Google is to begin allowing users make free telephone calls through Gmail, its free email service. Users will now be able to make telephone calls to landlines and mobiles from within their Gmail accounts in addition to the already existing free computer-to-computer voice and video chat services. However, the development will only apply to calls made from and to US and Canadian users (until the end of 2010), while calls to the UK, France, China, Japan Germany and many more, will cost 2 cents per minute. Users do not need to download any extra applications to make calls.
The service is expected to be made available for international users in the near future. Once operational, the product link will be on the left-hand of the Gmail page within the ‘chat’ window (you will need to install the voice and video plug-in, if you have not done so already). A ‘call phone’ option will pop-up along with a number pad to let users dial telephone numbers they want to call (See image below). There are already talks of providing ways for non-Gmail users to be part of the service through installation of red Google Voice telephone boxes on some campuses’ and airports’ premises.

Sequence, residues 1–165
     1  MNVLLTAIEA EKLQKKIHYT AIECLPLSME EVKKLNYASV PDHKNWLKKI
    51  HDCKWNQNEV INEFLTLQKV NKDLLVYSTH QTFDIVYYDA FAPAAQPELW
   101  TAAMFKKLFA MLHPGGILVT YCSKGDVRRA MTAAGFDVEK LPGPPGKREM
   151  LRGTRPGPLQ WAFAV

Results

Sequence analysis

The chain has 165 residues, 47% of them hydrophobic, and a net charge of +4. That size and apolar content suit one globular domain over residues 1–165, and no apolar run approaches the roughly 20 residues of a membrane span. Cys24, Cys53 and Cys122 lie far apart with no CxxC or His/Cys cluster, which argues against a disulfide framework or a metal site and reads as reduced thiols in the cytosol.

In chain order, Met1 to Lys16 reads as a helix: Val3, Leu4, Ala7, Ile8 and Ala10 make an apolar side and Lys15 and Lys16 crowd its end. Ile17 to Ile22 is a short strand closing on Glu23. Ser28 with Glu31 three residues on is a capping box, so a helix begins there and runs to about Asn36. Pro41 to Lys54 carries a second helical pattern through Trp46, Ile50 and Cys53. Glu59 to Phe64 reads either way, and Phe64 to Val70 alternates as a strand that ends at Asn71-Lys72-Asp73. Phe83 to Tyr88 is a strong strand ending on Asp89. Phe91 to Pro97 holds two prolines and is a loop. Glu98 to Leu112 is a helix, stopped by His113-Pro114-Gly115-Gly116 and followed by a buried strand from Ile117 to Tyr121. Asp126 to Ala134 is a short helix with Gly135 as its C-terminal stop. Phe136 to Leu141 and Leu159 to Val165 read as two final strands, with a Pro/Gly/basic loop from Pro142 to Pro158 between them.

Google expects the money made from international calls to pay for the free US and Canadian calls. This move is seen by analysts as a sort of direct competition with other Internet telephone services most notably Skype, which boasts of more than 560 million registered users.
Do you think the offer of “efficient and high-quality low-cost calls” by Google through Gmail will be able to sufficiently compete with other Internet telephone companies such as Skype?